When astronomers try to understand how galaxies from, they encounter a problem: It’s complicated.

The physics of matter combined with star formation, multi-phase gas, supernovae, dust and supermassive black holes all influence the galaxy formation process. This means that astronomers need data from a large number of galaxies to perform detailed statistical analyses on each of the influencing factors to see how they affect galaxy formation.

The Sydney-AAO Multi-Object Integral-Field Spectrograph (SAMI) Galaxy Survey began in March 2013, with the intention of creating a large survey of 4400 galaxies across a large range of environments. The key science goals of the SAMI Survey are to answer the following questions:

1. What is the physical role of environment in galaxy evolution?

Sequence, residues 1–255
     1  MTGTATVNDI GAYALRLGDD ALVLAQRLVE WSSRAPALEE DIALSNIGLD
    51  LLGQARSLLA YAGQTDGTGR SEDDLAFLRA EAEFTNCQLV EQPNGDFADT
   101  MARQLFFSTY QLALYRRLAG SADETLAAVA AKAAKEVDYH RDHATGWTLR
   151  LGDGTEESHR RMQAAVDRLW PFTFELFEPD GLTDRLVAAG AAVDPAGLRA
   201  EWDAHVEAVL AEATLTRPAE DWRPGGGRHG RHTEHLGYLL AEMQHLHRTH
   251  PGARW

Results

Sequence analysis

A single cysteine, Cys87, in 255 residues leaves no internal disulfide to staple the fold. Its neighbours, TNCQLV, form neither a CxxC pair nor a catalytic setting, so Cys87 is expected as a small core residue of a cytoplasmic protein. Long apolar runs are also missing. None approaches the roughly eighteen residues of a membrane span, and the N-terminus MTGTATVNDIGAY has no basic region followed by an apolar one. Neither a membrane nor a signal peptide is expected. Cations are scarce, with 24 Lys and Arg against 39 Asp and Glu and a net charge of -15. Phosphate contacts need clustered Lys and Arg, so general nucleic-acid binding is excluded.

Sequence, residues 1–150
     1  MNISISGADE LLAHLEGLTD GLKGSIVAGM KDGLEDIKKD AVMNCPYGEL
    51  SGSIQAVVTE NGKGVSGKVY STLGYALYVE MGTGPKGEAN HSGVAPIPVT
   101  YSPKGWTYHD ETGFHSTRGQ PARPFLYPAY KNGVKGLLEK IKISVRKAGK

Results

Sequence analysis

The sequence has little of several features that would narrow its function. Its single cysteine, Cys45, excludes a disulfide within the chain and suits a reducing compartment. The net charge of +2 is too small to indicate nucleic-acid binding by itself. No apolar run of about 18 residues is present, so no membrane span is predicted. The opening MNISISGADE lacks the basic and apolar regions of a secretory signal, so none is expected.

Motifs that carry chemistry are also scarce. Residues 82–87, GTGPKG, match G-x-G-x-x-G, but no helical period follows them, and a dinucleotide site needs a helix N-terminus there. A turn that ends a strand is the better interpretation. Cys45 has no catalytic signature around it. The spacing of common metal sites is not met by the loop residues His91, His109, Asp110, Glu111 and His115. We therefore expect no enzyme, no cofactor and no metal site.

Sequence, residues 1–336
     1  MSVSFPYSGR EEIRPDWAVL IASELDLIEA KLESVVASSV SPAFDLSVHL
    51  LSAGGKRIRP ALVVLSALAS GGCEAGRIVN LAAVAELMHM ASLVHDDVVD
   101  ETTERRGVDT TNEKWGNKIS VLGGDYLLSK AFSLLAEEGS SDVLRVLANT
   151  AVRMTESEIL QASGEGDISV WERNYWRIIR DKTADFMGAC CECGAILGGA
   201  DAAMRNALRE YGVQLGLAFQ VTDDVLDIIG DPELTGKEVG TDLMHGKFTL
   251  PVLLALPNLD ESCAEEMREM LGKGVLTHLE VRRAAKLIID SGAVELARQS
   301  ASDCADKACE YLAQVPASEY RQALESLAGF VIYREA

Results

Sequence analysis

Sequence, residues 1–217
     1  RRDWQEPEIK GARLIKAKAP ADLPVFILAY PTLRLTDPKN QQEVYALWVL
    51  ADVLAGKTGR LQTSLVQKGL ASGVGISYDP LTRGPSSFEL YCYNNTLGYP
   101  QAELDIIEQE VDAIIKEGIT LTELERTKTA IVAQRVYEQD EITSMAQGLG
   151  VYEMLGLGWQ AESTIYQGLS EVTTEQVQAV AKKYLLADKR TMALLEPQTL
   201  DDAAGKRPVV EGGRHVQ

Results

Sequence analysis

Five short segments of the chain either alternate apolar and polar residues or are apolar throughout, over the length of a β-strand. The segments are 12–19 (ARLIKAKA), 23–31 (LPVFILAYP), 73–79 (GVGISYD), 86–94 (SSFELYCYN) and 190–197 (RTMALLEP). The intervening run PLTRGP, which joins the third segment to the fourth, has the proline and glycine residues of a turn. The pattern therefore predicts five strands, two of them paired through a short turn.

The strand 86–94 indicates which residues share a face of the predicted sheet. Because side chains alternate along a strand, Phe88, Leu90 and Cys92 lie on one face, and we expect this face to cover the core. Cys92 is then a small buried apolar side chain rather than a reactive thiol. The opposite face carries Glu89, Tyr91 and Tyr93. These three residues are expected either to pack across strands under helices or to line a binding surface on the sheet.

2. How is mass and angular momentum built up in galaxies?

3. How does gas get into and out of galaxies, and how does this drive star formation?

SAMI uses plate-plugged optical fibres that feed the AAOmega spectrograph to collect data of 13 galaxies simultaneously.  Each of the 13 optical fibres are actually fused fibre bundles called "hexabundles."  Each hexabundle has 61 individual fibres which can each collect a unique spectrum from different parts across the galaxy.  Collecting data in this way will allow SAMI to collect an order of magnitude larger sample of spatially resolved galaxies than previously existed. 

Dr Amanda Bauer installing the optical fiber bundles into SAMI.

Dr Amanda Bauer installing the optical fibre bundles into SAMI. Image: AAO

To learn more about SAMI and its research goal, please visit the SAMI survey website or watch our video detailing A Night Observing with SAMI.

Add new comment